Tuskegee Airman Charles McGee dies at age 102

Tuskegee Airman Charles McGee dies at age 102
Charles McGee, a decorated veteran of three wars, receives a congratulatory a sendoff after visiting with 436 Aerial Port Squadron personnel at Dover Air Force Base to help celebrate his 100th birthday in Dover, Delaware, on December 6, 2019. McGee's birthday is Dec. 7. File Photo by David Tulis/UPI | License Photo

Jan. 17 (UPI) -- Brig. Gen. Charles McGee, a decorated Air Force pilot and one of the last surviving members of the Tuskegee Airmen, the all Black squadron of World War II, has died. He was 102.

McGee's death was confirmed Sunday by Defense Secretary Lloyd Austin, who called the distinguished fighter pilot "an American hero."


"While I am saddened by his loss, I'm also incredibly grateful for his sacrifice, his legacy and his character," Austin said in a tweet. "Rest in peace, General."

The circumstances of his death were not announced.


The Cleveland native born Dec. 7, 1919, enlisted in the segregated U.S. Army as a pilot on Oct. 26, 1942, which would be the start of his storied three-decade military career that included 409 combat missions.

As a member of the historic Tuskegee Airmen, McGee flew his first combat mission in Italy on Valentine's Day of 1944. By the time he'd return to the United States in December of 1945 following the end of World War II, he had completed 137 missions over Germany, Austria and the Balkans and was promoted to captain, according to the U.S. Air Force.

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His services, however, were called on again during the Korean War of 1951-53 in which he flew 100 missions and was again promoted, this time to the rank of major.

Then during the Vietnam War, he flew 172 combat missions in a photo reconnaissance plan to end his 30-year service in the Air Force.

"His years in uniform were nothing shy of heroic, and his example of integrity, service and excellence endures," Gen. Charles Brown Jr., the Air Force chief of staff, said in a statement Sunday. "Indeed, his legacy is foundational to our service, and a daily inspiration for me, personally, and so many other Airmen."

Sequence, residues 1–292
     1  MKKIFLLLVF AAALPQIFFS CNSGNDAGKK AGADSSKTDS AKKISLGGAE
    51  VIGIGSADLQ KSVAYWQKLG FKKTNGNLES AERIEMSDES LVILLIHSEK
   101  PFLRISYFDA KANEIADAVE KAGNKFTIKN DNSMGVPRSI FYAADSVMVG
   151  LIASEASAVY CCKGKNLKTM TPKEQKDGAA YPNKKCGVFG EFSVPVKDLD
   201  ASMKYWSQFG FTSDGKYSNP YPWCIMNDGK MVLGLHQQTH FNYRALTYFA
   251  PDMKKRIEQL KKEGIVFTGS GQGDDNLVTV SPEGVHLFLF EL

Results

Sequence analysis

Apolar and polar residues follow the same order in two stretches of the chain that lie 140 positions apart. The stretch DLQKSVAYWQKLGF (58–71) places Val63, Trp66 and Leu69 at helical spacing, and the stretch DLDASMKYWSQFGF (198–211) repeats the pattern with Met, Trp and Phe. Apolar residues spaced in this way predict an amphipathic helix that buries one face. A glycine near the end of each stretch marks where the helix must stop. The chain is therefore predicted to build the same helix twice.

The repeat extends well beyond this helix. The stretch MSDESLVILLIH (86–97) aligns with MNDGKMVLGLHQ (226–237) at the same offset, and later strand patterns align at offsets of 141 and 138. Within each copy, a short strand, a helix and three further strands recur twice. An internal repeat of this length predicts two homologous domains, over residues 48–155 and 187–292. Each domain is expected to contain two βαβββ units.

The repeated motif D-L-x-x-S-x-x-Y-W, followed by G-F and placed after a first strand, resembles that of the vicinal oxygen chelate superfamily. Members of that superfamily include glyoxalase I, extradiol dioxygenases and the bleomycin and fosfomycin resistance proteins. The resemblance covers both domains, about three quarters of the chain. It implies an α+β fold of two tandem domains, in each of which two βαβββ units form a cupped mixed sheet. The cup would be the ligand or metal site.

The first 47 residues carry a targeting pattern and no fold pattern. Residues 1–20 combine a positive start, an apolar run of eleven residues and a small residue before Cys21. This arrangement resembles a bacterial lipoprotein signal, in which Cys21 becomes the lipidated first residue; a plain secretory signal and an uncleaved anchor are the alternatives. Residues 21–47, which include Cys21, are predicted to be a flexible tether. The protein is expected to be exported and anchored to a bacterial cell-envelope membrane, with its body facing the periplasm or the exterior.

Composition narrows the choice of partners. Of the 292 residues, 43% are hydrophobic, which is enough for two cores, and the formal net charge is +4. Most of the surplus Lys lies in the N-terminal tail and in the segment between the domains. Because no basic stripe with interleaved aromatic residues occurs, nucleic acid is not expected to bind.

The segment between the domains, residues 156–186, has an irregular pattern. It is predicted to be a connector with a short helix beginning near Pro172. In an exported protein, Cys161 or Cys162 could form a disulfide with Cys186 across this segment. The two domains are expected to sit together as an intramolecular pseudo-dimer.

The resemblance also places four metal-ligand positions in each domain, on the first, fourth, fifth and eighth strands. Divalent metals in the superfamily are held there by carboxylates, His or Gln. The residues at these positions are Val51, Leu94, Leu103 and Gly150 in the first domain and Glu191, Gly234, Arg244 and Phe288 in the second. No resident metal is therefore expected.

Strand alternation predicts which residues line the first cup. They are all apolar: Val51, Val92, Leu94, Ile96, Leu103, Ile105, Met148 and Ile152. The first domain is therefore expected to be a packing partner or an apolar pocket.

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A biography of McGee by Tuskegee Airmen Inc., an organization he was an ambassador for, states that after retiring from the military on Jan. 31, 1973, he served in many functionary and honorary positions, including as the director of the Kansas City Downtown Airport and a member of the Kansas City Aviation Department's Aviation Advisory Council.

Due to his service, the airport named a terminal after him in June.

"We have lost an American hero and a national treasure," Federal Aviation Administration Administrator Steve Dickson said in a statement. "Brig. Gen. Charles McGee was not only a trailblazing Tuskegee Airman, he was a big man with a big heart who inspired younger generations of aviators to soar."

During his life, McGee was awarded the Distinguished Flying Cross with two Oak Leaf Clusters, the Legion of Merit with one Oak Leaf Cluster, the Bronze Star, the Air Medal with 25 Oak Leaf Clusters, the Army Commendation Medal, the Presidential Unit Citation and many more.

In 2007, he, along with all members of the Tuskegee Airmen, was awarded the Congressional Gold Medal, Congress's highest honor.

Then in 2019, at the age of 100, McGee was promoted to the rank of brigadier general and in February the following year, then-President Donald Trump pinned his stars to his shoulder in the Oval Office before honoring him later that night in his State of the Union address.


"After more than 130 combat missions in World War II, he came back to a country still struggling for Civil Rights and went on to serve America in Korea and Vietnam," Trump said. "General McGee: Our nation salutes you."

In a U.S. Air Forces video about McGee, the decorated pilot said he confronted racism amid the military and in life by treating others the way he wanted to be treated.

"Don't let the circumstances be an excuse for not achieving," he said. "We could have been 'they don't like me, they don't want me,' and go off in the corner with our head bowed. That's not the American way."

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